The shift from having the Senate choose its own president—who would double as a potential replacement President—was directly tied to the establishment of the Electoral College. The convention's concern with a Congress-elected president was that it would result in “cabal and corruption,” as George Mason put it. By having electors who were not federal officeholders meet separately in their state capitals on the same day, the framers thought the Electoral College would reduce the risk of a small cabal choosing the president.
The creation of the Electoral College provided a convenient mechanism to elect a Vice President along with a President. Alexander Hamilton explained in Federalist 68 that it also made sense to have a separately-elected Vice President as president of the Senate, with a tie-breaking vote, to “secure at all times the possibility of a definite resolution of the body.” A Senate-chosen presiding officer, in contrast, would be expected to refrain from participating in daily business, thus depriving his state of half its Senate representation.
Although the office of Vice President is created in Article II of the Constitution, it is granted no authority under that article. The Vice President has no executive power unless and until there is a vacancy in the office of President. It is Article I, which designates the Vice President as president of the Senate, that breathes constitutional life into the vice-presidency, as it were. The evolution of the Constitution's text demonstrates that the convention always viewed the Vice President as a presiding officer of the Senate first, and as a temporary presidential successor second. This reasoning is confirmed by the third section of Article II, which states that the President “shall commission all Officers of the United States.” This refers to agents of the executive branch, including cabinet members and even EOP staff. The Vice President, in contrast, does not receive a commission from the President. He is chosen by the Electoral College, subject to the ratification of Congress.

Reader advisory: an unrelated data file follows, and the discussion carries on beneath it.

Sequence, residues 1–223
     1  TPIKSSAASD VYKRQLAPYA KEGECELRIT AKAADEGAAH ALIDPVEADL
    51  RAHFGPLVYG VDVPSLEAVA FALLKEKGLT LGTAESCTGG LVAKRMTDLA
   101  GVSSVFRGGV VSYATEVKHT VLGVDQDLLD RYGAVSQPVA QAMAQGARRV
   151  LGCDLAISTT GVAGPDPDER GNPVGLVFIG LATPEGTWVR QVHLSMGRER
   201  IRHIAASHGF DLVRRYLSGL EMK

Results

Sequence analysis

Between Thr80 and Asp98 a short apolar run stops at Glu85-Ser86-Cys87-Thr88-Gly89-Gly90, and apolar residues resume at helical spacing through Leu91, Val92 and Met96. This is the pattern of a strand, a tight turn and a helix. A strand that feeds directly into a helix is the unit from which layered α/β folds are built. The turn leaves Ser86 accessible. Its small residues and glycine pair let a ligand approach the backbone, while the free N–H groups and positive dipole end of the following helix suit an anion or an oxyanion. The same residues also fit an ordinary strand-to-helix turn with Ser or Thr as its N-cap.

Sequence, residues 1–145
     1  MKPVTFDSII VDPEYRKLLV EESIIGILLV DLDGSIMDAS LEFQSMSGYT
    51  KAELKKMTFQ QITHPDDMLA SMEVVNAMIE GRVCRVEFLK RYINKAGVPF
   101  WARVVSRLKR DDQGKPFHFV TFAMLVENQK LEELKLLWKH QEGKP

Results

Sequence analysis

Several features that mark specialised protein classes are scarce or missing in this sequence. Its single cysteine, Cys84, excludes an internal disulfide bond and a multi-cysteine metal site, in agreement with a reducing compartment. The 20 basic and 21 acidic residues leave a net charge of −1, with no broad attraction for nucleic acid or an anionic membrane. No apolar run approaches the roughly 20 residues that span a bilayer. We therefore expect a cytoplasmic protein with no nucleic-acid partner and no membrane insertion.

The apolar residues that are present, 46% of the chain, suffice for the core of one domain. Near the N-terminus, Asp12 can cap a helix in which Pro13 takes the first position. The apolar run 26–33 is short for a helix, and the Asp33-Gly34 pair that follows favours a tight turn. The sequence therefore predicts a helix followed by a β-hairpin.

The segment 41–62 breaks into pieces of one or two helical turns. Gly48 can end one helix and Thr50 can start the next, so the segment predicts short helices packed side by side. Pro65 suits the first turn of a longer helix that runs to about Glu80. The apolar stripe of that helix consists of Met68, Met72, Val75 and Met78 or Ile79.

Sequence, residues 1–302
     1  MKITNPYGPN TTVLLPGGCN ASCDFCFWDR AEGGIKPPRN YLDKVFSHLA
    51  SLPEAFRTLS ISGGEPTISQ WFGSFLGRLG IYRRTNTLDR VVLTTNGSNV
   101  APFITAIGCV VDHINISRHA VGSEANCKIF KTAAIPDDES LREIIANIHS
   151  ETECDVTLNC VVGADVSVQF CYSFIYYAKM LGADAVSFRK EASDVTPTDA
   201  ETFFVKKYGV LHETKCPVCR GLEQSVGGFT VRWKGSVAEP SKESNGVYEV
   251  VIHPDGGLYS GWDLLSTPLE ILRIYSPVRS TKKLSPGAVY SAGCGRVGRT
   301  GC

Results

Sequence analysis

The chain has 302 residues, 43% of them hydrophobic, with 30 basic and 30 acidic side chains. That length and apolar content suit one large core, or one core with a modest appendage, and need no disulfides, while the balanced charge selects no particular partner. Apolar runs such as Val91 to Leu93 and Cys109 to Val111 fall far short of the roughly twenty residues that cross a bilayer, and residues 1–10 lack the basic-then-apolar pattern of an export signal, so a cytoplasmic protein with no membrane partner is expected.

The Vice President, therefore, is a member of the legislative branch and not the executive. Until the post-World War II period, this would not have been a controversial proposition. Vice Presidents saw their day-to-day role as presiding over the Senate. Even in cases of presidential disability, such as Woodrow Wilson's stroke, the Vice President did not act as the second-in-command of the executive branch. (Of course, one problem was that Congress failed to establish a procedure for assessing presidential disability prior to the passage of the 25th Amendment in 1967.)
Three postwar trends signaled the unconstitutional shift of the office of Vice President from the legislative to the executive branch. First, the selection of vice presidential candidates is now made by presidential nominees alone rather than by party conventions. In the early republic, congressional caucuses chose party tickets. For example, in 1800, Aaron Burr was nominated for Vice President by the Republican caucus as a reward for securing the selection of Republican electors in New York, a critical state for presidential nominee Thomas Jefferson. Burr was not Jefferson's vice-presidential choice by any stretch of the imagination. Even after the caucuses gave way to nominating conventions, the presidential nominee was rarely in a position to unilaterally dictate the selection of a running mate. As late as 1956, the Democratic National Convention was able to directly pick its vice-presidential nominee.
Even when presidential nominees chose their running mates, historically they would have to consult with a body of party leaders. But this process eventually gave way to vice presidential “search committees” controlled directly by the presidential nominee and his immediate staff. And this process was turned further inward in 2000, when Republican nominee George Bush chose the head of his own selection committee—Cheney—to be his Vice President. Although a convention could technically refuse to nominate a president's choice (or the Electoral College could cast its ballots for a different person), there is in reality no meaningful check against presidents choosing their own potential successors.